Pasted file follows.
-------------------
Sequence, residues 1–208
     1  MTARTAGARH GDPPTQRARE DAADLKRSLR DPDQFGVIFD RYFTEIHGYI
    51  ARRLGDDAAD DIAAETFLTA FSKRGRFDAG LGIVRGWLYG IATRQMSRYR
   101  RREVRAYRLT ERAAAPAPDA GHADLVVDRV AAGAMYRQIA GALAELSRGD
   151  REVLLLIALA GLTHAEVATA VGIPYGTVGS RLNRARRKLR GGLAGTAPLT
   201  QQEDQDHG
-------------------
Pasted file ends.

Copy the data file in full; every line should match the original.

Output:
Sequence, residues 1–208
     1  MTARTAGARH GDPPTQRARE DAADLKRSLR DPDQFGVIFD RYFTEIHGYI
    51  ARRLGDDAAD DIAAETFLTA FSKRGRFDAG LGIVRGWLYG IATRQMSRYR
   101  RREVRAYRLT ERAAAPAPDA GHADLVVDRV AAGAMYRQIA GALAELSRGD
   151  REVLLLIALA GLTHAEVATA VGIPYGTVGS RLNRARRKLR GGLAGTAPLT
   201  QQEDQDHG